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Counterfeit Medicine in the Pharmaceutical Industry

December 21, 2017

Consumers have an expectation that the prescription medications they take are legitimate, safe, and obtained from reliable sources. However, counterfeit medicine is a major issue in the pharmaceutical industry and something that industry professionals, doctors, and patients must be aware of.

Here is some information about counterfeit medicine in the pharmaceutical industry and ways to prevent the distribution and ingestion of fake drugs.

What Are Fake Drugs?

Fake drugs, also known as counterfeit medicine, may contain contaminated medicine, be the wrong dose, or contain incorrect ingredients. They are illegal and dangerous, which is why the FDA takes reports of counterfeit medicine very seriously.

Many of the fake drugs in circulation today are sold on the internet, manufactured in different countries than the websites claim, and do not comply with laws that are in place to protect patients. Lifestyle drugs that target weight loss and erectile dysfunction, very expensive drugs that treat cancer, and pain medications with high street value are often counterfeited.

Fake Medicine Effect on the Body

Many people depend upon prescription and over-the-counter medications to keep ongoing health conditions in check or to treat acute symptoms. When a person unknowingly consumes fake drugs, the symptoms of these conditions are not treated and unexpected side effects may occur.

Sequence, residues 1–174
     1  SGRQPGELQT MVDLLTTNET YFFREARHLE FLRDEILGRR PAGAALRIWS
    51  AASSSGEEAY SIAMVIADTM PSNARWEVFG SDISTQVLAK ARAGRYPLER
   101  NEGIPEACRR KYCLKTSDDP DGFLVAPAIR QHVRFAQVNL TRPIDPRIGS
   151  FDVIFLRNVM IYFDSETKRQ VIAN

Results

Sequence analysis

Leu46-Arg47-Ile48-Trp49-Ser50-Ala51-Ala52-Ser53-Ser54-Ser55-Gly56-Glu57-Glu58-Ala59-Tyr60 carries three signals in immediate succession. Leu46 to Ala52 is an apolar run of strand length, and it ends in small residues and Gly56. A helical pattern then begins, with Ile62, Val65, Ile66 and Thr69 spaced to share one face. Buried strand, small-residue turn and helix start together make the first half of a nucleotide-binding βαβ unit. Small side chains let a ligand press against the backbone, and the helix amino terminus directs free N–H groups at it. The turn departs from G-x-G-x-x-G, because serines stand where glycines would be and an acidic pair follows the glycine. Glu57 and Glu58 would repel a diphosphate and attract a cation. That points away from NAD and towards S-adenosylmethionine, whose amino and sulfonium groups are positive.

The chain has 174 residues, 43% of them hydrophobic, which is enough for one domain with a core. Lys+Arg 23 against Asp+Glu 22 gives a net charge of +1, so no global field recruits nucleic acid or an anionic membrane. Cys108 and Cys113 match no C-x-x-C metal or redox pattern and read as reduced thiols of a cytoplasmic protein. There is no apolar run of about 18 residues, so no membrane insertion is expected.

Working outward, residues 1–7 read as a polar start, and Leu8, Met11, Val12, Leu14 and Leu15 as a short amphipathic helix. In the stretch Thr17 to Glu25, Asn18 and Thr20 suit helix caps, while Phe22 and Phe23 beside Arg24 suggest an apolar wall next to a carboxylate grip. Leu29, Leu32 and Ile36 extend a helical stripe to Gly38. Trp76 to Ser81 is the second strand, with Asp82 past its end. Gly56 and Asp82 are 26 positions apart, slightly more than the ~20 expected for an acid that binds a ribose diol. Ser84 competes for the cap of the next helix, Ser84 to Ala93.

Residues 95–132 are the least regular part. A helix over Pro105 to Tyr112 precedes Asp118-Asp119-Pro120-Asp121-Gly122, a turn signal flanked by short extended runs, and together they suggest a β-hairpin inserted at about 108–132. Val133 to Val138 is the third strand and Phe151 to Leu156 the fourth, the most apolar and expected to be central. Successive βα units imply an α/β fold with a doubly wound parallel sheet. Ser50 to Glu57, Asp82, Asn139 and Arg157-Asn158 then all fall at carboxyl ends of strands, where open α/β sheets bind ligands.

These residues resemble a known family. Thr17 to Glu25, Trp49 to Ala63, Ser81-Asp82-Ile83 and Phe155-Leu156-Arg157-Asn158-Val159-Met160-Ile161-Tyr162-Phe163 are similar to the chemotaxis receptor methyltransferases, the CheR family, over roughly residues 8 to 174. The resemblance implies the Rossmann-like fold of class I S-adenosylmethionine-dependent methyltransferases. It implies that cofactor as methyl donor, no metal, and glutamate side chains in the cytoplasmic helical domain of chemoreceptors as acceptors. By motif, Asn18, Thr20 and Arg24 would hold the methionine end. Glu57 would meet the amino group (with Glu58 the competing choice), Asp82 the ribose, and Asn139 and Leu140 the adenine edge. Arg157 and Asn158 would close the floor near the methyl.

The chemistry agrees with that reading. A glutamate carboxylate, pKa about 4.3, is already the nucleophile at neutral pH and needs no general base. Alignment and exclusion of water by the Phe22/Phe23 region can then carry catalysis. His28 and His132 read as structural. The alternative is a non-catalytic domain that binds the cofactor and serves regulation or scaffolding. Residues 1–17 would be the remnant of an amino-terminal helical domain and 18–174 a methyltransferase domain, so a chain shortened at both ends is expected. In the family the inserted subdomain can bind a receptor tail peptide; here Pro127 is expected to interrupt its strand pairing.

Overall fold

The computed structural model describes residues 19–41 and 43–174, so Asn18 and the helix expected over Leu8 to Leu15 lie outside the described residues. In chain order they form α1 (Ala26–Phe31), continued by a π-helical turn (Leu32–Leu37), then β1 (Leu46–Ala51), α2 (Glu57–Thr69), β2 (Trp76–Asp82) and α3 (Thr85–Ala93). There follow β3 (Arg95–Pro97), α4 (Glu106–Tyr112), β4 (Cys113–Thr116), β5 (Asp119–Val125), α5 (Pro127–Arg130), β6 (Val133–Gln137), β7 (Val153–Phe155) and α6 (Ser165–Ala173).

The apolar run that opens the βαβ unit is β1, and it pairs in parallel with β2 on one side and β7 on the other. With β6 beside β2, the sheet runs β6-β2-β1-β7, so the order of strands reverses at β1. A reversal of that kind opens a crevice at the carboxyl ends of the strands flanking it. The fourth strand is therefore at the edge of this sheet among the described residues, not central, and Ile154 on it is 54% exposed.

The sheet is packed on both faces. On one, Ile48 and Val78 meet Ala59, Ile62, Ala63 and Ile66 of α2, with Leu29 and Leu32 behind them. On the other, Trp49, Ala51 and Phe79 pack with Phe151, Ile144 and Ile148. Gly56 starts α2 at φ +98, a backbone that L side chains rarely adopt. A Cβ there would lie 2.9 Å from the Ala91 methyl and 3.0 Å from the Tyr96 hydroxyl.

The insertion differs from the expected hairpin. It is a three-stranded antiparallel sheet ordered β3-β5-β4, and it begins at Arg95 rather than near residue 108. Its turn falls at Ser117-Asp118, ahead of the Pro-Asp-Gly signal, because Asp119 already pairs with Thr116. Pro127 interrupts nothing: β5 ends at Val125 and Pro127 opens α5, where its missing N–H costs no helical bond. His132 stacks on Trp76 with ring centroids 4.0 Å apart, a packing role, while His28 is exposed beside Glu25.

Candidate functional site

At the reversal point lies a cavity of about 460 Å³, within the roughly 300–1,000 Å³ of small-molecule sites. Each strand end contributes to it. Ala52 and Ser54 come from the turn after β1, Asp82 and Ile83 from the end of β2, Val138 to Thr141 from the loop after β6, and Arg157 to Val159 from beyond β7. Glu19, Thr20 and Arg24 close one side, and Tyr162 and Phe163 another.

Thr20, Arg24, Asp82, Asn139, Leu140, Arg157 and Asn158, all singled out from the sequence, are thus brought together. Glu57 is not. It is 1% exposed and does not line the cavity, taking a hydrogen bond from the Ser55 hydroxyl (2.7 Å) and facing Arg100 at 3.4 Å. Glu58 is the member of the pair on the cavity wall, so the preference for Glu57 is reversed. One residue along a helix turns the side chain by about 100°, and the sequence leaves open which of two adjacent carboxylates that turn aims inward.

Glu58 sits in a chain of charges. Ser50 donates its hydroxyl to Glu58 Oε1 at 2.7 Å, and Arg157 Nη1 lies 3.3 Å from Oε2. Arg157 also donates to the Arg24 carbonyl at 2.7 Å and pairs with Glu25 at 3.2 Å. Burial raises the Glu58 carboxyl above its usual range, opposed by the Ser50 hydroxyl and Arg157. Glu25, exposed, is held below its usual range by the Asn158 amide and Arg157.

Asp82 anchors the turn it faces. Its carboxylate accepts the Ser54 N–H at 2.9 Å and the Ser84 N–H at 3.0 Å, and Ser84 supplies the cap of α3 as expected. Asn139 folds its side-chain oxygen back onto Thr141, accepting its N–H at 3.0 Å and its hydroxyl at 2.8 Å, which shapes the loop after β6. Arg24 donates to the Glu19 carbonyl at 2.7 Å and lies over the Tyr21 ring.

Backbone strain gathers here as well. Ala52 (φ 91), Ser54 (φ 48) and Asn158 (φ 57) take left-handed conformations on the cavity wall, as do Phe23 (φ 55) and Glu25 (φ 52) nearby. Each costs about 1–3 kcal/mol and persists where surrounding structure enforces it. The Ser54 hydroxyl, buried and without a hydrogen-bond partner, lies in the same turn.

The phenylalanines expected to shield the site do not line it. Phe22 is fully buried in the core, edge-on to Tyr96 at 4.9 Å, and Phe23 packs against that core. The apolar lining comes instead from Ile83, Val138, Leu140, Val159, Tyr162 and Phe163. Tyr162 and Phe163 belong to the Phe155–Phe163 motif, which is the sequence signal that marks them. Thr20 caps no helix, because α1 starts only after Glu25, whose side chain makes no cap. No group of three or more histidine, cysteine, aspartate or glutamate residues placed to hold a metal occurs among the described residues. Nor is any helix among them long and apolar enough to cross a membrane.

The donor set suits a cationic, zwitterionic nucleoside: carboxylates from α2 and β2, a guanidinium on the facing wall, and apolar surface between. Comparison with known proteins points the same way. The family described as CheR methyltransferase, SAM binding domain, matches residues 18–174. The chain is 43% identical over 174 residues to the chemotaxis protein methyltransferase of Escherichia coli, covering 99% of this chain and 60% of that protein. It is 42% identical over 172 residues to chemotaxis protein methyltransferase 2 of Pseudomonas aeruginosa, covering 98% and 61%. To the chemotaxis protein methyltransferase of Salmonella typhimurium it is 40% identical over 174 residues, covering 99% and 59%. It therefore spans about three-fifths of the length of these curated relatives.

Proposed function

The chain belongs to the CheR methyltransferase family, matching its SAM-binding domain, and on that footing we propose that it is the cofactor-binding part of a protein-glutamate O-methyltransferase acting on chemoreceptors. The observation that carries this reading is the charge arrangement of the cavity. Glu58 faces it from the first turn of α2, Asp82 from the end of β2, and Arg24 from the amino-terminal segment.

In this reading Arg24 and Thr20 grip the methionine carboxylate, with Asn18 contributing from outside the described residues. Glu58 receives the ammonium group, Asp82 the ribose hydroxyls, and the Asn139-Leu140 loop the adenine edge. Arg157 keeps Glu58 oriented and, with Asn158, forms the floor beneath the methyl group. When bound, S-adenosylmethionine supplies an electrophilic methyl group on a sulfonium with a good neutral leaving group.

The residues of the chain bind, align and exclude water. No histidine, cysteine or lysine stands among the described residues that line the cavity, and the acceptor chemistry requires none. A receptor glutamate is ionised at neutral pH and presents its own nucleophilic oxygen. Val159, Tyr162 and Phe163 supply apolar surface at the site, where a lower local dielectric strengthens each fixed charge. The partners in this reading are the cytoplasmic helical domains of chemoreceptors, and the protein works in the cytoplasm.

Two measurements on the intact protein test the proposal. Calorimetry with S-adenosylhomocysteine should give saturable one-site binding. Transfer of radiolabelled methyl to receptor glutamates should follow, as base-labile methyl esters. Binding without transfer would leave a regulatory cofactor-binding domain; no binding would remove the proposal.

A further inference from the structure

Legal and Economic Implications of Fake Drugs

Not only do fake drugs pose health risks for the people who take them, but there are also troubling legal and economic implications. Patients may not have a viable action of recourse if the fake drugs were obtained illegally or if the true source of the medication cannot be traced. Fake drugs can also lead to increases in ER visits and follow-up care that wouldn’t have been necessary if the correct medications were taken.

How to Spot Fake Drugs and Ensure Medicine is Legitimate

Companies like TruTag Technologies have developed authentication platforms with edible bar codes to check for medication legitimacy. Holograms and serial codes that are easily visible can also help providers identify fake drugs before administering them to patients. To avoid counterfeit medicine, it is also advised to buy from trusted pharmacies and in-person rather than online.

Individuals who handle pharmaceutical products should use specialized pharmaceutical transport bags to make sure that medications aren’t destroyed or falling into the wrong hands. These types of bags establish a chain of custody and ensure that the correct type of medication and dosage is contained inside. Strap bags, postal bags, horizontal split bags, and no-print bags can also be useful for storage and shipping in the pharmaceutical industry.

Meanwhile, legislators have been working to impose greater punishments and harsher fines for producing and distributing fake drugs in order to deter this illegal activity. Fighting against counterfeit medication is everyone’s responsibility, including top pharmaceutical executives and law enforcement agencies as well. Patients should remain actively aware if their regular medications taste or appear different or if their bodies react differently to a familiar medication. The odds of receiving fake drugs from a legitimate pharmacy are very low, but it is still something to keep in mind, especially if the medication is being sold on sale or as part of a package deal.

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